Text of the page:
"Thirty-three years after it was first published, Frederick Gaige’s book, Regionalism and National Unity in Nepal, remains the single best introduction to the socio-political context of Tarai politics. This is due first to the enduring quality of Gaige’s study of the Tarai; the research is meticulous, the analysis insightful, and the writing concise and clear. But the significance of his book is due also to the largely hill-oriented nature of social science research in Nepal. Scholars of Nepal, both domestic and foreign, have tended to gravitate to Nepal’s highlands for their research problems and study sites, even as the population and the relative importance of the Tarai to Nepal’s future has grown. The small corpus of books that deal with culture, society and politics in the Tarai, with few exceptions, do not deal with the region as a whole, and of those that do, none have the scope and insight of Gaige’s work. One of the conclusions that Gaige came to in the early 1970s was that the Tarai was not “a sea of discontent, ready to drown the government in a high tide of revolution” (p. 193). Thirty years later, the situation is different, and the new republic faces its most difficult challenge in the Tarai. Why that should be the case is a story waiting to be told, although bits and pieces of the answer are available in various minor studies." — Arjun Guneratne Regionalism and National Unity in Nepal is Frederick H. Gaige’s acclaimed study of the Tarai and the Nepali state’s misdirected and ineffectual attempts at integrating the region into the national mainstream. The theme of the book remains as relevant three decades later, especially at a time when the very essence of Nepali nationalism is being questioned and new forms of co-existence are being negotiated. The introduction by Arjun Guneratne updates the reader on the social and political context in which the book is being re-issued besides highlighting some of the more pertinent issues now at stake in the Tarai, indications of which are scattered throughout Gaige’s book.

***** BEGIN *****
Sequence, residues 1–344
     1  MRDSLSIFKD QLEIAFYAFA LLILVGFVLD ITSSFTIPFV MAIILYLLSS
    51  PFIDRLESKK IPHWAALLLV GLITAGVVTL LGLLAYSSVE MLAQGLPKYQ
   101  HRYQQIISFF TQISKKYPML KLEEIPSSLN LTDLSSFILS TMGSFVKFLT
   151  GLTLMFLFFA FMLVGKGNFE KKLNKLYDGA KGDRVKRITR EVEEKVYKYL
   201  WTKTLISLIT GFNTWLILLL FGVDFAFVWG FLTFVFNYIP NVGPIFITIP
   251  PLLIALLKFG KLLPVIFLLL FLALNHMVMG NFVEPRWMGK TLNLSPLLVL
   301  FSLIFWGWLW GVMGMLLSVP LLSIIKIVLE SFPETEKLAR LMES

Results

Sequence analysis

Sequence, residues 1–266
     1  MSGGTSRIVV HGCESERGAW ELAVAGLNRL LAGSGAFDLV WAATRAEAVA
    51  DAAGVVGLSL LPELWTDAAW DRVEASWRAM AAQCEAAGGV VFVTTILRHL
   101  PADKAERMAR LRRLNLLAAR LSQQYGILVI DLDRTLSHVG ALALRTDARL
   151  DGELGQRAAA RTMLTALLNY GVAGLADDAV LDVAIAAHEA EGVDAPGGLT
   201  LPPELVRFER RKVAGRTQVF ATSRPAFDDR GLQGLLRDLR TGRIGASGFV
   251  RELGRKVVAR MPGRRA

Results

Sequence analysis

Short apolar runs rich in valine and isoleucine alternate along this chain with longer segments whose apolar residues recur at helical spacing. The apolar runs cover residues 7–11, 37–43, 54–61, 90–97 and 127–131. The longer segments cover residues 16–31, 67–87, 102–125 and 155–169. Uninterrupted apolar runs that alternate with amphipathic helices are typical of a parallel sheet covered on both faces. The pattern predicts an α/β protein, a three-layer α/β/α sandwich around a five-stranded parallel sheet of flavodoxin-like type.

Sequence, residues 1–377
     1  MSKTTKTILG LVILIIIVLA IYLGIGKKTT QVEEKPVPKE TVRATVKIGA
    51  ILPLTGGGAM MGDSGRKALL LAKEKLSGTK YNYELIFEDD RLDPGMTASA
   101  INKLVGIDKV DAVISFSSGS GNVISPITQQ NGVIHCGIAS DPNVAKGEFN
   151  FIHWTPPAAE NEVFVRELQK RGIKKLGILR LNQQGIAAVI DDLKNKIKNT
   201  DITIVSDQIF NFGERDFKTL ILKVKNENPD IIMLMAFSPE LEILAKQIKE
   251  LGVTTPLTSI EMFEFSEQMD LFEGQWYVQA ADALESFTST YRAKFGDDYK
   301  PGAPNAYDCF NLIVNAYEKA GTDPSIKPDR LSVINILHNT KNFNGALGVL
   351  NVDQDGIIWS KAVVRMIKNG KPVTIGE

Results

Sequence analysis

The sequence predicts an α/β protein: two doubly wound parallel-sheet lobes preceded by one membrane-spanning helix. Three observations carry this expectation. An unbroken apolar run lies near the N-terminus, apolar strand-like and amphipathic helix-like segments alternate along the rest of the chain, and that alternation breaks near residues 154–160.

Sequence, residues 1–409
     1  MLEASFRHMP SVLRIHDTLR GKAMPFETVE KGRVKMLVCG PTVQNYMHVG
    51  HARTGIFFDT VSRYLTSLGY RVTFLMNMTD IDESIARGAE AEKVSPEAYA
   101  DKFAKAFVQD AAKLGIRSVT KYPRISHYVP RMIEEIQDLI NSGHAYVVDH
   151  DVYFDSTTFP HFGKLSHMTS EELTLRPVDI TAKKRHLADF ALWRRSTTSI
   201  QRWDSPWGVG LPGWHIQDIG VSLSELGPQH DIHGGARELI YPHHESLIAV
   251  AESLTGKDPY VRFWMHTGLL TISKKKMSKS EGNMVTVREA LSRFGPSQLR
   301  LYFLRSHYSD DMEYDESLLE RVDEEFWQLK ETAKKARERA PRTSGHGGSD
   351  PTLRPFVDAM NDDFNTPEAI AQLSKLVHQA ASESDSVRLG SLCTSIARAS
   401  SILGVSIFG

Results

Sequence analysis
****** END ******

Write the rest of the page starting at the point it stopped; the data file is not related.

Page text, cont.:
Available at: http://works.bepress.com/arjun_guneratne/40/